For people with type 1 diabetes, their lives can be very inconvenient. Patients need to receive regular hormone injections through syringes, insulin pumps or other devices. These treatments may be accompanied by life.
Because the patient's immune system destroys normal islet cells, after losing the function of the islets, they cannot control their blood sugar levels. In addition to insulin injections, islet transplantation has also emerged as a potential treatment for type 1 diabetes. But after transplantation, the immune system will attack the transplanted islets, and patients need to take long-term immunosuppressive drugs and endure the accompanying side effects of the drugs.
How can patients reduce the side effects of immunosuppressive drugs? New research published in Nature Nanotechnology brings a new idea. Scientists have designed a nanocervator loaded with the commonly used immunosuppressant rapamycin that can target specific immune cells in question without causing widespread immunosuppression.
Rapamycin is already used in many treatments and transplants to suppress negative immune responses, but it is usually administered orally and therefore affects many cell types. Too high a dose may produce toxic side effects, and too low a dose may not protect the transplanted tissues and organs.
The new research considers that the drug can be precisely effective without harming innocent people. Scientists at Northwestern University have designed nanoparticles that can be used to target antigen-presenting cells instead of T cells, which rapamycin typically targets, allowing for more targeted and controllable immunosuppression.
The nanoparticles can be injected subcutaneously with the drug, preventing liver damage that can occur after taking it orally. The system works in theory, but what about in practice?
▲Design ideas for new research (Image source: Reference )
From the experimental results in mice, the actual effect of nanoparticles is very optimistic. The researchers first created a group of diabetic mice and then gave them islet transplants. One group of mice remained on oral rapamycin and the other group received injections of the nanoparticle drug.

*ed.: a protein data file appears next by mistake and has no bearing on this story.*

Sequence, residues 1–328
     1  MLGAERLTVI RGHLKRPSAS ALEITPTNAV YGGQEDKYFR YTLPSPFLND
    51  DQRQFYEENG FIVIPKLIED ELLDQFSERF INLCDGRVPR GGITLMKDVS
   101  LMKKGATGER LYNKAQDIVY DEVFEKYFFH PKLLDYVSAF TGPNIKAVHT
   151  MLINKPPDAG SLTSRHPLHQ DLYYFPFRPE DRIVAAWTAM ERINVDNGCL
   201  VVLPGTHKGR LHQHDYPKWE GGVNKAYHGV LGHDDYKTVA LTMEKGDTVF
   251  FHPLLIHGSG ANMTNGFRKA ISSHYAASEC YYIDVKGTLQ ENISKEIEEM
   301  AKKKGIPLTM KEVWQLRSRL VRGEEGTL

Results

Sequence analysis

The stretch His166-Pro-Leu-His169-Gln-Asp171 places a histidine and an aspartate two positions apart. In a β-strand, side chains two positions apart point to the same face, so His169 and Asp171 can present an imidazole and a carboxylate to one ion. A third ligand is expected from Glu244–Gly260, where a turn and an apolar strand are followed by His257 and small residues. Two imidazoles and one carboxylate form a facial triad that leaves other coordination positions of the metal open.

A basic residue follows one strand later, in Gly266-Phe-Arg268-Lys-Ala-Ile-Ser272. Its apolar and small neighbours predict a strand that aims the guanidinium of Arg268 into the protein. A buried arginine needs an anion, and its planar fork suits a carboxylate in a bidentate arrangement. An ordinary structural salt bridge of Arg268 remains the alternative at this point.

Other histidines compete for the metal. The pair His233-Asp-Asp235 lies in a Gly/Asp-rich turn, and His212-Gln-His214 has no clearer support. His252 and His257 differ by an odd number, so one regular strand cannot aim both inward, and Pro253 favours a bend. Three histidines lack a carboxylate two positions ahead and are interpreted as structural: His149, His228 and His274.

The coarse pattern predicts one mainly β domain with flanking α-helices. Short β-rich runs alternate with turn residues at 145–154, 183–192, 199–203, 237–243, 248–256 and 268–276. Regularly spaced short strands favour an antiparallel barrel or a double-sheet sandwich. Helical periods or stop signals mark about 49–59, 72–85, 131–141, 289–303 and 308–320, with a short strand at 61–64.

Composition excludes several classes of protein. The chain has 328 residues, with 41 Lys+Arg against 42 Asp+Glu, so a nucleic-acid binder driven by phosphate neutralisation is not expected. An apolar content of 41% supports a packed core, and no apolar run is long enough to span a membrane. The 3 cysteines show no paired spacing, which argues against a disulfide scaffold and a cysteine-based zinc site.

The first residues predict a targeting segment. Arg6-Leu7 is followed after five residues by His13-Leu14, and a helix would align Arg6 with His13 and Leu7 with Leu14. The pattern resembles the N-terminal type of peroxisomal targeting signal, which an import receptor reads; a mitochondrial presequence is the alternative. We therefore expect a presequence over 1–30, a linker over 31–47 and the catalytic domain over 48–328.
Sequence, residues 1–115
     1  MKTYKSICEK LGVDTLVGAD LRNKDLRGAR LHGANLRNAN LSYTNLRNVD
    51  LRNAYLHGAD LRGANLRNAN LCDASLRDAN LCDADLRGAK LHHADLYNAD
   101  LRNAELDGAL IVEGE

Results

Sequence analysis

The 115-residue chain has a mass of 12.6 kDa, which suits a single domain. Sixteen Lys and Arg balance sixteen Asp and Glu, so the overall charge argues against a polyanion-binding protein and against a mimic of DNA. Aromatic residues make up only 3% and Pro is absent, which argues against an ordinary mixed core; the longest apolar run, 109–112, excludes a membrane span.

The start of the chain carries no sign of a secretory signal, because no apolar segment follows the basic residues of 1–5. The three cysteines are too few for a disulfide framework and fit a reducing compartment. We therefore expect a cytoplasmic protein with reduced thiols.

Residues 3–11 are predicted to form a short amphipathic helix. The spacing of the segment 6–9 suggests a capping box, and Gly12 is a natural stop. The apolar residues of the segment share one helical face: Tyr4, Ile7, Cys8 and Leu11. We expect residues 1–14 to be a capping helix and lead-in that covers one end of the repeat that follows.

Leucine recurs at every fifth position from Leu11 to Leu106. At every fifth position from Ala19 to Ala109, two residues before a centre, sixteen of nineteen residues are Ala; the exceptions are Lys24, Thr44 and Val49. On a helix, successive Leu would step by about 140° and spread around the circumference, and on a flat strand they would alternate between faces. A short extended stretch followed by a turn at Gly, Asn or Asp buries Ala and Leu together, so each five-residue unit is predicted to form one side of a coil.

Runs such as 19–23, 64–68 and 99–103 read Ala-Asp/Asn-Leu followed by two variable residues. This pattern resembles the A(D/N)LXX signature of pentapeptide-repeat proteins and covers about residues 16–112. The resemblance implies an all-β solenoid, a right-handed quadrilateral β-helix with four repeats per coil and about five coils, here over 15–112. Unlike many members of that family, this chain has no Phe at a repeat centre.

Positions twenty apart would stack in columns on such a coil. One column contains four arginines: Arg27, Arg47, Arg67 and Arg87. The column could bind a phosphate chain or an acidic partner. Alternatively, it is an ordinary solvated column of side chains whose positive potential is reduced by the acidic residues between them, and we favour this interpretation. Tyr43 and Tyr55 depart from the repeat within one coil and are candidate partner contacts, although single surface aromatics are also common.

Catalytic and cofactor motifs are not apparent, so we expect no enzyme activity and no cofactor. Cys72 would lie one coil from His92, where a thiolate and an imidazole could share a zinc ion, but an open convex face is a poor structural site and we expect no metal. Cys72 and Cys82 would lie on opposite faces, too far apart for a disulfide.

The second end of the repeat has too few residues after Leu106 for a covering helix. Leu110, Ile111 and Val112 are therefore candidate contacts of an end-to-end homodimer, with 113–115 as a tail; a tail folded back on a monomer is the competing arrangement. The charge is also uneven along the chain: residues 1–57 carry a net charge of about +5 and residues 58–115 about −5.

According to long-term observations, the mice in the injected group had far fewer side effects than the control group, and their diabetes was completely cured about 100 days after the transplant. Compared with the control group, the mice treated with the nanoparticles still maintained a higher immune response but did not impair the function of the transplanted islets.
In addition, oral rapamycin is often associated with decreased expression of tumor suppressor genes, increasing the risk of developing new tumors, including down-regulation of some interferon-related proteins. Some studies have also observed that oncogenes may rise during oral administration. However, the mice treated with the nanoparticles did not develop these genetic disorders at all.
▲Using nanoparticles can significantly reduce drug side effects (Image source: Reference )
Most notably, mice treated with nanoparticles also had significantly less hair loss, suggesting that nanoparticle therapy can greatly reduce treatment side effects.
"Instead of enhancing the effect of the drug, we managed to change the way it works," said lead author Dr. Guillermo Ameer. The research team is seeking to advance clinical applications, and they speculate that this approach could be used in other tissue or organ transplants, opening up new treatment options for more patients.
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 Guillermo Ameer, Subcutaneous nanotherapy repurposes the immunosuppressive mechanism of rapamycin to enhance allogeneic islet graft viability, Nature Nanotechnology (2022). DOI: 10.1038/s41565-021-01048-2.